*σ*is a progressively measurable stochastic process adapted with respect to a suitable filtration, and with differential satisfying an Ito integral equation.^{18}Therefore, we can control the*κτ*term viawhich is a bounded martingale transform of Wiener loop. This formula is reminiscent of Levy’s stochastic area as in Example 5.1 of Ref. 21.(6.21)$\u222b0x(\kappa d\sigma \u22122\u22121\kappa 2\u27e8d\sigma ,d\sigma \u27e9)=\u222b0x\kappa \u2207\sigma \u22c5dPdQ=\u222b0x\u2212QdP+PdQP2+Q2$ - By (5.4) and (5.5), we have $\Omega 2\u2208Lx2$ for all
*u*∈*H*^{1}. Bourgain^{9}has shown that for initial data*P*(*x*, 0) +*iQ*(*x*, 0) =*κ*(*x*, 0)*e*^{iσ(x,0)}in*H*^{1}∩*B*_{K}, the mapis Lipschitz continuous for 0 ≤(6.22)$\kappa (x,0)ei\sigma (x,0)\u21a6\Omega 2(x,t)\u2208Lx2$*t*≤*t*_{0}with Lipschitz constant depending upon*t*_{0},*K*> 0. We havewhere the final integral is part of the Hamiltonian. With $Z\u2208C\u221e(T;M3\xd73(R))$, we have the integral equation for the pairing ⟨·, ·⟩ on $L2([0,2\pi ],M3\xd73(R))$$\u222b02\pi \Vert \Omega 2(x)\Vert 2dx\u22642\u222b02\pi \u2202\kappa \u2202x2+\kappa (x)2\tau (x)2+\kappa (x)4dx,$(6.23)$\u27e8Xt(n),Z\u27e9=\u27e8X0(n),Z\u27e9+\u222b0t\u27e8Xs(n),(\Omega s(n))\u22a4Z\u27e9ds.$Consider the variational differential equation in $L2([0,2\pi ],M3\xd73(R))$where $\Omega 2(n)(x,t)$ and $\Omega 2(m)(x,t)\u2212\Omega 2(n)(x,t)$ are skew.(6.24)$ddt(X(m)(x,t)\u2212X(n)(x,t))=\Omega 2(n)(x,t)(X(m)(x,t)\u2212X(n)(x,t))+(\Omega 2(m)(x,t)\u2212\Omega 2(n)(x,t))X(m)(x,t)$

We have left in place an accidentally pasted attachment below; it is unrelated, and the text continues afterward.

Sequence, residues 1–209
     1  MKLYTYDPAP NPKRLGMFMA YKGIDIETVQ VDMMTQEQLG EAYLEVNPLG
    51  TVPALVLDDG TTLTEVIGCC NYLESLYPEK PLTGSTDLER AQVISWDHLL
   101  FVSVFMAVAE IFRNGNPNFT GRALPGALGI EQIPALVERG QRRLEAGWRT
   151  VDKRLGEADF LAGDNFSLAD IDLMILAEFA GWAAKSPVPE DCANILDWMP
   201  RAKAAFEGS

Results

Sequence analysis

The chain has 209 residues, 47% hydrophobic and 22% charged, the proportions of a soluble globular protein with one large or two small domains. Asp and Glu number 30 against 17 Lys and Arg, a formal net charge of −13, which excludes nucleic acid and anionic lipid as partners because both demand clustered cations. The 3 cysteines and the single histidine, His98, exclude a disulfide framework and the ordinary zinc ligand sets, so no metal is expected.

*U*

^{(n)}(

*x*;

*t*,